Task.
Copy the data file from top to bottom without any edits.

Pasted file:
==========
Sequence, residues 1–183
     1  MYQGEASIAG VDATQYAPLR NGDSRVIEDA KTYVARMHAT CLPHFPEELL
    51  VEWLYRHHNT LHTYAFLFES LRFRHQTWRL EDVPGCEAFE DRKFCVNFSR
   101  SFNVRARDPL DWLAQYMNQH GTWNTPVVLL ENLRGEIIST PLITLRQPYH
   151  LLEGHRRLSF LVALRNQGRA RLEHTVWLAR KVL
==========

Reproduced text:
Sequence, residues 1–183
     1  MYQGEASIAG VDATQYAPLR NGDSRVIEDA KTYVARMHAT CLPHFPEELL
    51  VEWLYRHHNT LHTYAFLFES LRFRHQTWRL EDVPGCEAFE DRKFCVNFSR
   101  SFNVRARDPL DWLAQYMNQH GTWNTPVVLL ENLRGEIIST PLITLRQPYH
   151  LLEGHRRLSF LVALRNQGRA RLEHTVWLAR KVL